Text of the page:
Tag Archives: book

Westboro Baptist Church vs. the Klan: HNN Op-ed

So, it begins. Gospel According to the Klan officially arrives on the shelf a short two three months (math isn’t my strong suit) from today. In honor of its forthcoming publication, I have an op-ed up at the History News Network today on the protest and counterprotest at Arlington Cemetery on this past Memorial Day between the (in)famous Westboro Baptist Church and none other than a Virginia branch of Ku Klux Klan. Before anyone asks, no, I cannot make either of these movements bend to my will, so I didn’t set this up. Sometimes, I just get lucky when the news cycle moves into my scholarly territory. The question driving the op-ed is: Why does the news coverage of this event need a moral authority/arbiter/winner in the jockeying between WBC and the KKK?

Here’s a preview:

What does make the recent Arlington protest newsworthy is the presence of surprising counter protestors, the Ku Klux Klan (KKK).  While WBC protestors held up signs proclaiming “Thank God for Dead Soldiers,” “Mourn for Your Sins,” and identifying President Obama as the Beast of Revelation, the Knights of the Southern Cross (Virginia) passed out small American flags to mourners.  The Knights, led by self-proclaimed Imperial Wizard Dennis LaBonte, protested the WBC’s anti-troop message.  In a sense, some media outlets were stumped by the face-off of two derided, defamed, and unloved groups.  While WBC traces the history of the independent Baptist church back to 1955, the presence of the Klan in the American historical landscape can be traced back much further.  The KKK first appeared in the 1860s with the Reconstruction Klan and emerged time and again in twentieth (the 1910s-1920s, 1950s-1960s, and 1980s) and now the twenty-first century with the rising presence of white supremacists after the election of Barack Obama to the presidency (2008).  Unlikeability is perhaps the kindest way to discuss the WBC and the KKK, but that term obscures the violence, physical and rhetorical, that both enact.  Both are grouped under the label “hate movement,” which account for the surprise at the KKK’s stance against the WBC.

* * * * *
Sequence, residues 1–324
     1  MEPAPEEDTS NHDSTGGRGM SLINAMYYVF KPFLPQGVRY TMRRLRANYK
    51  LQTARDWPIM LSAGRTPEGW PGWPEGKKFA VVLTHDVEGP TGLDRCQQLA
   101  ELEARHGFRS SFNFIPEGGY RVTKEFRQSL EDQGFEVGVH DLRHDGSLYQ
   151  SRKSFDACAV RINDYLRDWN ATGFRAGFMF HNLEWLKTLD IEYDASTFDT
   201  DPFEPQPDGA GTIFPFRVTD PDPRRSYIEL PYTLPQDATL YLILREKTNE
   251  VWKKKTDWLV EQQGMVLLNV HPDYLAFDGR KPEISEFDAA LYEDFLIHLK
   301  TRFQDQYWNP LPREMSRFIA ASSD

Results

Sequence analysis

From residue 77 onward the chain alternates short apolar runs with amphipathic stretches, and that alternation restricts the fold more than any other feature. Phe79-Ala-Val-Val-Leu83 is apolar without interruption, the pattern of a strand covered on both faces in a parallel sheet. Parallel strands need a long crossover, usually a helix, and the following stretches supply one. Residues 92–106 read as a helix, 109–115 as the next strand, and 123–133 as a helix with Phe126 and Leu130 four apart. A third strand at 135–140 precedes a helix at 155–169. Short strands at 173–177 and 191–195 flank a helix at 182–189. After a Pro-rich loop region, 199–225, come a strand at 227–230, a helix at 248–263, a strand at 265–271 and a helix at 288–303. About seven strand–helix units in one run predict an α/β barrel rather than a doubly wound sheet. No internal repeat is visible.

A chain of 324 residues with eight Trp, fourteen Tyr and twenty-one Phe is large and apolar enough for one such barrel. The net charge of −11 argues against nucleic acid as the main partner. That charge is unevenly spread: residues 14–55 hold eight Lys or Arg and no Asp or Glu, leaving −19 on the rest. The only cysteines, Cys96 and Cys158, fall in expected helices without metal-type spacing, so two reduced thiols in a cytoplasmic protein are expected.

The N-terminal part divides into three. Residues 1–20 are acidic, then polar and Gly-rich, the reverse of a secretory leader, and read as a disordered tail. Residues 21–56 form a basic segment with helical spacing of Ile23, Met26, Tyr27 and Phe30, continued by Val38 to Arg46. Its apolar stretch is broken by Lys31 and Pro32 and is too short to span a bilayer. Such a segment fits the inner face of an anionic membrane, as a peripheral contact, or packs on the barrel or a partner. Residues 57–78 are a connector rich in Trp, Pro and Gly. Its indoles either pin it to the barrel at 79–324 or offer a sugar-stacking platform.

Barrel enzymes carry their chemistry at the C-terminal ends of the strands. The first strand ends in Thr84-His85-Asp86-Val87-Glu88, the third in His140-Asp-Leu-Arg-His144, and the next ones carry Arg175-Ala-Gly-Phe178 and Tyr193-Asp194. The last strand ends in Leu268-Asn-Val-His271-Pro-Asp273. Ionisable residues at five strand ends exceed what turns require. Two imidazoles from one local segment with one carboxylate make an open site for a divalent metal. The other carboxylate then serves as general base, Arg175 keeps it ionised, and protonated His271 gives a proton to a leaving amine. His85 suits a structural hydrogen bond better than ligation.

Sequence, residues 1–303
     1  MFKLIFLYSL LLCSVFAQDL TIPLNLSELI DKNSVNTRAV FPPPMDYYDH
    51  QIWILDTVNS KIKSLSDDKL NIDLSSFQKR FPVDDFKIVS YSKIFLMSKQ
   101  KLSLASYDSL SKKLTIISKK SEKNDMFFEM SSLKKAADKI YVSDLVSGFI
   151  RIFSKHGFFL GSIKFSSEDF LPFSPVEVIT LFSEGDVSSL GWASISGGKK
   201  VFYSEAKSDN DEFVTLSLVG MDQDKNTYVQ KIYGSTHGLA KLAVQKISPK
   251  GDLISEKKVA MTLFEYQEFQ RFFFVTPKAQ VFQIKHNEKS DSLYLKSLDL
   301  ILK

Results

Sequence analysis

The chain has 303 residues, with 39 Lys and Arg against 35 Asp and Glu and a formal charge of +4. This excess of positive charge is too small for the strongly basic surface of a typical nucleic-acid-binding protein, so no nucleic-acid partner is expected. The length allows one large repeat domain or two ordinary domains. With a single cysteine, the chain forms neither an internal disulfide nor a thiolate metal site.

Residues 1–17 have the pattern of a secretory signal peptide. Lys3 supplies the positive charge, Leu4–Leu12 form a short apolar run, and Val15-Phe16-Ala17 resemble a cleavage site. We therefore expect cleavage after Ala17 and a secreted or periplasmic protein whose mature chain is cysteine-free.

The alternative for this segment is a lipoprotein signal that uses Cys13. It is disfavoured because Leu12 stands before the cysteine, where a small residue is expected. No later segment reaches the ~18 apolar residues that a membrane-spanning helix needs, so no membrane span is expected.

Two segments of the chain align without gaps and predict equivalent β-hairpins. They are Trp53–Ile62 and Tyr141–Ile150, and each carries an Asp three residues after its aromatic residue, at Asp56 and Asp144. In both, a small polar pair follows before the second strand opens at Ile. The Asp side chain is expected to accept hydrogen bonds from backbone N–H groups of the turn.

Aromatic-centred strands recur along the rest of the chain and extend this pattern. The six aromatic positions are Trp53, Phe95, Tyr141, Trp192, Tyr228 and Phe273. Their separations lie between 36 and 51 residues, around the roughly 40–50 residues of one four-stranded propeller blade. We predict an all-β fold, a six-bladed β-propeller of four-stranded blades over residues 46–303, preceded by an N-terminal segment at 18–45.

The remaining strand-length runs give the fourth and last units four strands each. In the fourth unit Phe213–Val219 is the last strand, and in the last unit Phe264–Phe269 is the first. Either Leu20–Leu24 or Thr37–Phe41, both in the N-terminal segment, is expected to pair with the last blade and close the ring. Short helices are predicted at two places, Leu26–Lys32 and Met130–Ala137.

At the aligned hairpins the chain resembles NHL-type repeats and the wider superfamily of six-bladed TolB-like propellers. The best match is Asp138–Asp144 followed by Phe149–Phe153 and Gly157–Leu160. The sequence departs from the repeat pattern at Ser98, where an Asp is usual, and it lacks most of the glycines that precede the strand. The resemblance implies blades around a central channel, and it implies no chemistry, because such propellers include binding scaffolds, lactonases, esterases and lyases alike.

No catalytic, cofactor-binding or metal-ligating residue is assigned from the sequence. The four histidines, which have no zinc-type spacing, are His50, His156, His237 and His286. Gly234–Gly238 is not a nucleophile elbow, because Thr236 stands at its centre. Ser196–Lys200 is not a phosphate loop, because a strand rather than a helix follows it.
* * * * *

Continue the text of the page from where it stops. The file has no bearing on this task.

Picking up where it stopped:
Yet, it is only on the surface that KKK and the WBC appear similar.  While the WBC gleefully notes the anger/hatred of God for the American nation in relationship to sexuality, the Klan, in each of its incarnations, embraces and promotes a white Christian nationalism.  The nation for the Klan is sacred, and it requires constant vigilance to guarantee America’s status as the nation among nations, divinely ordained and guided.  The 1920s Klan, in particular, further believed that God played an active role in American history, siding with white Protestants as the “true” chosen American people.  While WBC’s protests equate dead soldiers with divine punishment, my historical work on the 1920s Klan showcases the order’s long attachment to the nation as well as the fear, not glee, that Americans could face divine retribution for declining social values.  Of course, the Klan’s vision of nation still remains strictly limited to citizens with white faces, “correct” religious faith, Protestant Christianity, and heterosexuality.  Unlike the WBC, the order’s patriotism demonstrates its deep attachment to the nation and mythologized American freedoms and values.  Soldiers emerge as dually important for the Klan because of their role in the protection of the U.S. and the ability to honor individual Klansmen’s military service.